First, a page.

Granola Funk isn’t a jam band that opens for Phish or Umphrey’s McGee, but it might be in the same ballpark. The potent hybrid’s name could easily double as a new genre of yuppie psychedelic music taking over the Front Range, and its characteristics are full of relaxation and nostalgia: perfect for a mid-summer night at Red Rocks.
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Combatting the stoner stereotype is the rage these days, and I’m all for it. Having moms and working professionals come out of the closet, hitting vape pens and microdosing edibles to kick ass and relax without the Cheetos, is great for diversifying the consumer image. But sometimes I just want to get giggly-baked, eat chicken nuggets and laugh at poop jokes, and I’m not afraid to admit it.
There’s a reason your cousins in the Midwest can pound more Coors Lights than you: For five months out of the year, it’s too fucking cold to do anything else in Minnesota, Wisconsin or anywhere else that calls a soft drink “pop” instead of “soda.” Luckily for us in Colorado, most of our winter days are spent on the slopes or enjoying a sunny day in Denver. And even when we do get stuck inside, keeping out of the cold, we have better options for inebriation.
Because of the body high and relaxing effects they tend to give, indicas and indica-leaning hybrids of cannabis strains are your best choice for warming up after a few hours in frigid temperatures. They relax rigid joints, warm up the chest and get your stomach ready for a hot meal. Don’t believe me? Try any one of these ten winter indicas by the fire and see for yourself.
If Disney and its horde of lawyers served Colorado cannabis companies with lawsuits and cease-and-desist orders for Star Wars ripoffs, as the Girl Scouts of America and Gorilla Glue did for strains named after their respective brands, nearly every pot menu in Denver would be affected. Skywalker, Skywalker OG, Death Star and Princess Leia are easy to find in dispensaries, with Ewok, Jedi Kush and Boba Fett popping up intermittently as well.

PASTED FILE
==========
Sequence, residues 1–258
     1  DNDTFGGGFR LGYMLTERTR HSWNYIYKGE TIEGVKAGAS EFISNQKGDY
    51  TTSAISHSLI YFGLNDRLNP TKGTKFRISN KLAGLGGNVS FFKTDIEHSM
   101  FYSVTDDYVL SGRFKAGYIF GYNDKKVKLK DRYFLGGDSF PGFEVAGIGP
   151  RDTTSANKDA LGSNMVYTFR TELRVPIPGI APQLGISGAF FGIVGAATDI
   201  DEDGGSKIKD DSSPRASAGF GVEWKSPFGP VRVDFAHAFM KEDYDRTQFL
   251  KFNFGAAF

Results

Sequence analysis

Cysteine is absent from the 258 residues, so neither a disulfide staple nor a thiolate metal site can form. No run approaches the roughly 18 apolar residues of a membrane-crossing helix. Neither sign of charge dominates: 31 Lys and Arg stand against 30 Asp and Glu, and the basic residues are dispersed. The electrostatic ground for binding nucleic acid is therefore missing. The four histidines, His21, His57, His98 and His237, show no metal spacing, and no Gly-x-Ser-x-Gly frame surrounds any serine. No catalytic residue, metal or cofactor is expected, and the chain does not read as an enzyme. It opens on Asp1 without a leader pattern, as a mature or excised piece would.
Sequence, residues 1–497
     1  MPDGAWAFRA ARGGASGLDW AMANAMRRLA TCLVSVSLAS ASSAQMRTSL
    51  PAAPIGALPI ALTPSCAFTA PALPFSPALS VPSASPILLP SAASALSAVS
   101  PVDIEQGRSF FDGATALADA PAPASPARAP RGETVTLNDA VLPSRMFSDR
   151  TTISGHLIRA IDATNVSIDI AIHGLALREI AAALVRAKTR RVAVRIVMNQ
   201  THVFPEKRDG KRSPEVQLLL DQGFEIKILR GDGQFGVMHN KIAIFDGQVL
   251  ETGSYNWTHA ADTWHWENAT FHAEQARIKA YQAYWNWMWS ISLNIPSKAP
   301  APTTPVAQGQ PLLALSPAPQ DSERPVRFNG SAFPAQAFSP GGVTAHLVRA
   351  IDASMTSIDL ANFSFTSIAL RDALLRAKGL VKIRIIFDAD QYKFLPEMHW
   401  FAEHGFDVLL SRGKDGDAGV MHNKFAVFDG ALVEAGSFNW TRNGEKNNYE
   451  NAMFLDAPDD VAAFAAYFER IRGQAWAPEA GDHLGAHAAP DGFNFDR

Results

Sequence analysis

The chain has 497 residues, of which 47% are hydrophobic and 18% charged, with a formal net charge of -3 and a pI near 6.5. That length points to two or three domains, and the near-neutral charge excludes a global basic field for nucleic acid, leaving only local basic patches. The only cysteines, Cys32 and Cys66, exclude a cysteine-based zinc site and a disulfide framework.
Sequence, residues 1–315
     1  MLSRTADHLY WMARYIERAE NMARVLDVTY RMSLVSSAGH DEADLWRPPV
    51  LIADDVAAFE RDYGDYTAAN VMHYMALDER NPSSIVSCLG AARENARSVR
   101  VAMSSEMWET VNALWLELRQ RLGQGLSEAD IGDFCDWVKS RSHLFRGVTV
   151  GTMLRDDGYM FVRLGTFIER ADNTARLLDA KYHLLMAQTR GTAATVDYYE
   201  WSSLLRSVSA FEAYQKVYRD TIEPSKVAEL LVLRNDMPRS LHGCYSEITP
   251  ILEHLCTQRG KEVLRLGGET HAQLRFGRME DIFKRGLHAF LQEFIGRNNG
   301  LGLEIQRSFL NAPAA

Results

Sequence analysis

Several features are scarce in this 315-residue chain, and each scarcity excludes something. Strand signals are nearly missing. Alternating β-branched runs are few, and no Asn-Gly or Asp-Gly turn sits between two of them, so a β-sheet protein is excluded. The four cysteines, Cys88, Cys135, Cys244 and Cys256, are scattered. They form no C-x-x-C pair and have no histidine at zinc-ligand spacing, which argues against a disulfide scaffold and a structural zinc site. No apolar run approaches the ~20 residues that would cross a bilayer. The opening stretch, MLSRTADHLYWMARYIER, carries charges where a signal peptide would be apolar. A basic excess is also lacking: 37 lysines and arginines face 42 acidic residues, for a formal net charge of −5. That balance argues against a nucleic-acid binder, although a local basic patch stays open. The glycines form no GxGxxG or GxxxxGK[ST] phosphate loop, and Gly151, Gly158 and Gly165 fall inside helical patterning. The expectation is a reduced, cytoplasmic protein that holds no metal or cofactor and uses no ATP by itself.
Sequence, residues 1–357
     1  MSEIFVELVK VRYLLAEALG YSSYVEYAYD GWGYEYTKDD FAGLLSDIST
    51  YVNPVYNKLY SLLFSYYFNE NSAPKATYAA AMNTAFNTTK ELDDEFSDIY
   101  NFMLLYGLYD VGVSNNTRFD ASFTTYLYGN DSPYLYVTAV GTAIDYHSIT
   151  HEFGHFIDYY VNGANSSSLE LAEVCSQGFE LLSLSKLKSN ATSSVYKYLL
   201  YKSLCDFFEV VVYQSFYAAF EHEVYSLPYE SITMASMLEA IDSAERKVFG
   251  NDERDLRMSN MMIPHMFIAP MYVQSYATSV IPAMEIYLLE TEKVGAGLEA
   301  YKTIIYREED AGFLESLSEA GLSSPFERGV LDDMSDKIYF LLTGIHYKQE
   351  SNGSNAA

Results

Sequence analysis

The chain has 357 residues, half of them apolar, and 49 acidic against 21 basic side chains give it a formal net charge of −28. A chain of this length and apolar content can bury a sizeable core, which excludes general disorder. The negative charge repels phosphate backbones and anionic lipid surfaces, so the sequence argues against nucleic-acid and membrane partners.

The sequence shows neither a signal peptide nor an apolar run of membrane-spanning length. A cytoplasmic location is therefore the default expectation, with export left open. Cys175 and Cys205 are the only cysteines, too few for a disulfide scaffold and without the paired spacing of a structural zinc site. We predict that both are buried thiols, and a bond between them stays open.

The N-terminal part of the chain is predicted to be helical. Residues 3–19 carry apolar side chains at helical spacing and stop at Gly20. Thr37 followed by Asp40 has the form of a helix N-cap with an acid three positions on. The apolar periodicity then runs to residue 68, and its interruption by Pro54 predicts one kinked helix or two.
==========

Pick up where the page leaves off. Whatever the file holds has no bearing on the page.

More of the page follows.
Mowgli Holmes gave the keynote at the Seed to Sale Show in Denver on January 31, and he taught the crowd a thing or two — or six — about cannabis. Holmes is the co-founder and chief scientific officer at Phylos Bioscience, which has created a web of over a thousand cannabis strains. The web links strains that are in the same family and provide growers and consumers with scientific knowledge about the plant that has never been documented in one place before.
Not all stoners are Star Wars fans, but I’d bet a lot of the midnight movie-goers at Rogue One: A Star Wars Story last week were smoking themselves into a galaxy far, far away before walking into theaters. Cheering on Leia, Luke and the boys as they fight the Evil Empire is a pastime for many potheads, but not all. Some of us just want to get blunted and listen to the voice of James Earl Jones voice rule with an iron fist as he Force-chokes peons to oblivion. For that, I give you Death Star.
The industry is worried.
Here’s your daily round-up of pot-news, excerpted from the newsletter WeedWeek.
President-elect Donald Trump nominated anti-pot hardliner Sen. Jeff Sessions of Alabama (R) for Attorney General. At a Senate hearing in April 2016, Sessions said that ‘we need grown-ups in charge in Washington to say marijuana is not the kind of thing that ought to be legalized, it ought not to be minimized, that it’s in fact a very real danger.’
“I think one of [Obama’s] great failures, it’s obvious to me, is his lax treatment in comments on marijuana,” Sessions said at the hearing. “It reverses 20 years almost of hostility to drugs that began really when Nancy Reagan started ‘Just Say No.’ ”
Lawmakers, he said, have to “send that message with clarity that good people don’t smoke marijuana.”